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All sides quarter-sawn!

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Forum topic by pashley posted 03-27-2008 02:26 PM 901 views 1 time favorited 6 replies Add to Favorites Watch
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pashley

1028 posts in 2438 days


03-27-2008 02:26 PM

If you look at my projects, you’ll see a preponderance of qtr-sawn oak. The issue is that you can only get 2 sides of a piece of the project to be qtr-sawn.

So how about all four sides being qtr-sawn?

I’ve made the legs for the lectern project I’m currently engaged in as such; I mitered 4 pieces of qtr-sawn and glued them together, giving me a 4 sided qtr sawn piece. Looks great. You must, however, be dead-on regarding the 45-degree angles, or you end up with a nightmare; angles MUST be cut at 45.0° and not 45.1°

So now I’m thinking that I might extend this concept onto a future project – such as a mantel clock. It would certainly make for more work, but I can’t help thinking how nice it would turn out.

-- Have a blessed day! http://newmissionworkshop.com


6 replies so far

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Joey

275 posts in 2536 days


#1 posted 03-27-2008 03:26 PM

David Marks did an episode of woodworks several years ago where he built either an ottoman or small mission style table out of qtr sawn white oak. The way he got all four sides to be qtr sawn was to resaw his own veneers and glue them up on the sides that were plain sawn. I think this concept would also work with commercial veneers, as long as they were not paper backed.
http://www.djmarks.com/woodworks.asp here is a link to the list of episodes, they are also on diynetwork.com

-- Joey, Magee, Ms http://woodnwaresms.com

View Peter Oxley's profile

Peter Oxley

1426 posts in 2595 days


#2 posted 03-27-2008 03:27 PM

It would look great! You could consider putting quarter sawn veneer on the flat-sawn side.

... oh, Joey and I were posting at the same time. Brilliant idea Joey!

-- http://www.peteroxley.com -- http://north40studios.etsy.com --

View tenontim's profile

tenontim

2131 posts in 2465 days


#3 posted 03-27-2008 04:09 PM

The old Stickley furniture used veneers to cover the flat sawn side, but if you look at the antique pieces, nearly all have cracked veneer. I use the 45 degree miter method and you can also use the lock miter joint. I don’t care to do this joint unless I can do it with a shaper. Also it helps to do it in progressive cuts, to prevent tear out.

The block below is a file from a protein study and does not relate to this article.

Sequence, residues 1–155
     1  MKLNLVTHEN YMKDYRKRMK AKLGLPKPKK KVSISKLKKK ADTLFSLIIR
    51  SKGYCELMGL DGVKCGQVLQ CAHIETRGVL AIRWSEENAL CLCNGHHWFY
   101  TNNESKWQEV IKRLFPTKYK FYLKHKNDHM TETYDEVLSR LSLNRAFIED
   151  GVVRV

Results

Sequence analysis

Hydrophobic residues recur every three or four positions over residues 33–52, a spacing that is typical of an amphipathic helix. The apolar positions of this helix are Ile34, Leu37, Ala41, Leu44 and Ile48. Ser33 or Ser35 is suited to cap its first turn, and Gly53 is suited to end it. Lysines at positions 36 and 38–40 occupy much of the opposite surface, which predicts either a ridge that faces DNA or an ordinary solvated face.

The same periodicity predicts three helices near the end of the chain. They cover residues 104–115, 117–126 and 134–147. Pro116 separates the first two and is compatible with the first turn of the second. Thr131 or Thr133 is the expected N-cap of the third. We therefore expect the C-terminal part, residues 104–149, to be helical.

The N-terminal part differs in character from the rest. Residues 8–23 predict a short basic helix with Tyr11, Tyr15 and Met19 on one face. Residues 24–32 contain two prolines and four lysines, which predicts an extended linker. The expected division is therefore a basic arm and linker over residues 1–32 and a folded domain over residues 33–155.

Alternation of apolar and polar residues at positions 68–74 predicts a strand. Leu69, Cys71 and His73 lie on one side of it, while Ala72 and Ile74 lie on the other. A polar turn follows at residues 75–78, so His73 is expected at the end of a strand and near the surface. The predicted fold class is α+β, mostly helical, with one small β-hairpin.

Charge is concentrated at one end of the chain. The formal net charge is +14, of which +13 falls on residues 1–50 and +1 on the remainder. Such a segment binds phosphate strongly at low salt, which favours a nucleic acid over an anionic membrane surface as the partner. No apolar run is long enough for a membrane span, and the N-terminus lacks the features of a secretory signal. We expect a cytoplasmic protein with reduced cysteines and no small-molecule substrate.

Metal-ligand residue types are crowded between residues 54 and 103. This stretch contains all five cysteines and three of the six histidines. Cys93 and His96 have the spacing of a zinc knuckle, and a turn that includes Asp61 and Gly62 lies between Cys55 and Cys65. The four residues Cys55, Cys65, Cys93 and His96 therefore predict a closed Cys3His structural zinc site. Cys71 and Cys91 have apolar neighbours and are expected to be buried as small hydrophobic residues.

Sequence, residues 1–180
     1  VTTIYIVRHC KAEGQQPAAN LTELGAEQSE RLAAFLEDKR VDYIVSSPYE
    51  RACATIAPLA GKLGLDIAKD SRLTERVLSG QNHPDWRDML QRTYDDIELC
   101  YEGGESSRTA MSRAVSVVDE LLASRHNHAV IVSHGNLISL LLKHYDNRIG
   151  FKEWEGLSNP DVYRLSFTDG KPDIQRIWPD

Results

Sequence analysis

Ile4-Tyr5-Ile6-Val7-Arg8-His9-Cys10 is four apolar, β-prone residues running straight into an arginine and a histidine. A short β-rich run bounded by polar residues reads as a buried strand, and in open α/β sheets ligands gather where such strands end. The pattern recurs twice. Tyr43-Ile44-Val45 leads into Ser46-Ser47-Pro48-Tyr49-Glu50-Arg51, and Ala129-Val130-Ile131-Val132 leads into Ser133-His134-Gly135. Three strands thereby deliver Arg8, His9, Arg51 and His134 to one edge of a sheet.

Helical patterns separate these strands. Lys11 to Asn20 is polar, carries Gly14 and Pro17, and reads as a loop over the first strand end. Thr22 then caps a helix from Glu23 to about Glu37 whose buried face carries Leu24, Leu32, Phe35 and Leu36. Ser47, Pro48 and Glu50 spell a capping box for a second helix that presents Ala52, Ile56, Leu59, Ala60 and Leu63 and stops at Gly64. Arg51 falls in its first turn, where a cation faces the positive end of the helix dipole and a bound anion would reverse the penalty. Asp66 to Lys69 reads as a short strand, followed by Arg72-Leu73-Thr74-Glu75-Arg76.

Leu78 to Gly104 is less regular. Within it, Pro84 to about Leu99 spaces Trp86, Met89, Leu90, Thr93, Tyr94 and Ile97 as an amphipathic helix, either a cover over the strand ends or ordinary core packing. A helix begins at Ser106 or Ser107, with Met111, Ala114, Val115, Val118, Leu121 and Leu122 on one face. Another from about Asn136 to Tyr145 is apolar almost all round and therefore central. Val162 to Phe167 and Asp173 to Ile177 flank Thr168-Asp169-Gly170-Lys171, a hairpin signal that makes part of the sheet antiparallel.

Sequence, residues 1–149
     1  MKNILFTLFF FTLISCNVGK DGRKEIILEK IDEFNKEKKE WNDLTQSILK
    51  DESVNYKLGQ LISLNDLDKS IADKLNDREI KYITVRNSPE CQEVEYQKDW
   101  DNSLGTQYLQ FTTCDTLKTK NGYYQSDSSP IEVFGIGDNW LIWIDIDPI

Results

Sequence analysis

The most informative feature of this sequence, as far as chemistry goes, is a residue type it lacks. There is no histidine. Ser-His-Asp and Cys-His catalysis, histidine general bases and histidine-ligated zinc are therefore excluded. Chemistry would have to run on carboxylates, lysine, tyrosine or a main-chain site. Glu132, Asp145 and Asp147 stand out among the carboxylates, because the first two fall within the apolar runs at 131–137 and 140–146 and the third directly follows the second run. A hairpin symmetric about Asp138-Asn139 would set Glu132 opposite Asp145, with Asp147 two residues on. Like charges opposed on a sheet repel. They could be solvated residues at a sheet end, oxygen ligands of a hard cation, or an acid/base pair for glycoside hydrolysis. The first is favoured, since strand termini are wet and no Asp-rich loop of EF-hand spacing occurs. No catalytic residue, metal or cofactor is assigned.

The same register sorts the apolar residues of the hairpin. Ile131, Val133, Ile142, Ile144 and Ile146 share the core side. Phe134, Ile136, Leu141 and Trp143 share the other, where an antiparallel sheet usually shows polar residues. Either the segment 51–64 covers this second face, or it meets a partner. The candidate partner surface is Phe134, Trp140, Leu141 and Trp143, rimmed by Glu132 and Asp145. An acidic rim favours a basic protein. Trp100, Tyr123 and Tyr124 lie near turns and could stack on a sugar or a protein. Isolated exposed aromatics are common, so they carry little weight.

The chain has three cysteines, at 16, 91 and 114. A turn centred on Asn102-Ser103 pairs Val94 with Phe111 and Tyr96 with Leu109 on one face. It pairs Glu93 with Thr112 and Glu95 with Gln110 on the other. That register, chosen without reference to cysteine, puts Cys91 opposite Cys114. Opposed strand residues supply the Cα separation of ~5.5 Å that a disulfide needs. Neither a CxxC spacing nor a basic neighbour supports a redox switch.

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blackdogwoodshop

72 posts in 2448 days


#4 posted 03-27-2008 04:28 PM

Leopold and John George Stickley used a rabetted miter to accomplish this same trick with solid wood. It takes a bit more time to mill up, but it’s easier to glue up. You end up with a leg cross section that looks like this:

Leg Cross Section

-- Daniel, Southern Indiana -- "Have nothing in your home that you do not know to be useful or believe to be beautiful." -- http://blackdogwoodshop.etsy.com

View GaryK's profile

GaryK

10262 posts in 2709 days


#5 posted 03-27-2008 06:58 PM

Veneer or mitered joint.

-- Gary - Never pass up the opportunity to make a mistake look like you planned it that way - Tyler, TX

View Tim Pursell's profile

Tim Pursell

494 posts in 2503 days


#6 posted 03-27-2008 07:44 PM

I have done lots of 4 sided quarter sawn square parts. If you have a good saw & can rip consistent 45’s that is definatly the easiest & you will use the lest amount of wood. If your 45’s are a little off. or you ocasionaly burn an edge or two plan on ripping slightly oversize parts and clean them up with a 45 deg bit in a router table.
I only use the 45 deg lock miter bit on legs thicker than 2” (such as a bed with 4” sq. legs”) It uses up quite a bit more lumber but makes a very strong leg.

-- http://www.etsy.com/shop/tpursell?ref=si_shop

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